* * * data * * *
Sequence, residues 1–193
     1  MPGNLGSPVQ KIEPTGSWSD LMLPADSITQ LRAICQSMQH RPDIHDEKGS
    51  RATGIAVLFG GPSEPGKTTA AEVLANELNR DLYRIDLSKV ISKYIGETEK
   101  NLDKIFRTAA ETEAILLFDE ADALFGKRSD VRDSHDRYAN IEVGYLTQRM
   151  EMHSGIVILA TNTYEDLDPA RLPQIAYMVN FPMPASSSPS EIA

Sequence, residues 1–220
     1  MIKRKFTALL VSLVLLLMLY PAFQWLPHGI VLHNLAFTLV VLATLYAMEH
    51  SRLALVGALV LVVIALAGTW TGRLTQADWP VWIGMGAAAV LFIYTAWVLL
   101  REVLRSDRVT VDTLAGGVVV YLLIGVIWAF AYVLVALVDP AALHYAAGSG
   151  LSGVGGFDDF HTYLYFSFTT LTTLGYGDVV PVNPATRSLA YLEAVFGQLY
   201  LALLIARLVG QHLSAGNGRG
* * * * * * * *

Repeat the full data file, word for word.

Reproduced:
Sequence, residues 1–193
     1  MPGNLGSPVQ KIEPTGSWSD LMLPADSITQ LRAICQSMQH RPDIHDEKGS
    51  RATGIAVLFG GPSEPGKTTA AEVLANELNR DLYRIDLSKV ISKYIGETEK
   101  NLDKIFRTAA ETEAILLFDE ADALFGKRSD VRDSHDRYAN IEVGYLTQRM
   151  EMHSGIVILA TNTYEDLDPA RLPQIAYMVN FPMPASSSPS EIA

Sequence, residues 1–220
     1  MIKRKFTALL VSLVLLLMLY PAFQWLPHGI VLHNLAFTLV VLATLYAMEH
    51  SRLALVGALV LVVIALAGTW TGRLTQADWP VWIGMGAAAV LFIYTAWVLL
   101  REVLRSDRVT VDTLAGGVVV YLLIGVIWAF AYVLVALVDP AALHYAAGSG
   151  LSGVGGFDDF HTYLYFSFTT LTTLGYGDVV PVNPATRSLA YLEAVFGQLY
   201  LALLIARLVG QHLSAGNGRG